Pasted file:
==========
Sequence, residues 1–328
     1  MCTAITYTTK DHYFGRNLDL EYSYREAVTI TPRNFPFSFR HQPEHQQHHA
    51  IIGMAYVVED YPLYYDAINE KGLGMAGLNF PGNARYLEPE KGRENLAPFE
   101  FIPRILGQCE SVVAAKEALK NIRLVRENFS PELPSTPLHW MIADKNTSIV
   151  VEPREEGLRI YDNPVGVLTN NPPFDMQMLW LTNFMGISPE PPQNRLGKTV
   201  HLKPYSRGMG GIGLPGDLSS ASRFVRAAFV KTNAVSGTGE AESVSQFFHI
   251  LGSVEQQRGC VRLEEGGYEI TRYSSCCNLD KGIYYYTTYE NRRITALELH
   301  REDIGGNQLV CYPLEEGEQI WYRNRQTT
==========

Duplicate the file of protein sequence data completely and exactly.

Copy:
Sequence, residues 1–328
     1  MCTAITYTTK DHYFGRNLDL EYSYREAVTI TPRNFPFSFR HQPEHQQHHA
    51  IIGMAYVVED YPLYYDAINE KGLGMAGLNF PGNARYLEPE KGRENLAPFE
   101  FIPRILGQCE SVVAAKEALK NIRLVRENFS PELPSTPLHW MIADKNTSIV
   151  VEPREEGLRI YDNPVGVLTN NPPFDMQMLW LTNFMGISPE PPQNRLGKTV
   201  HLKPYSRGMG GIGLPGDLSS ASRFVRAAFV KTNAVSGTGE AESVSQFFHI
   251  LGSVEQQRGC VRLEEGGYEI TRYSSCCNLD KGIYYYTTYE NRRITALELH
   301  REDIGGNQLV CYPLEEGEQI WYRNRQTT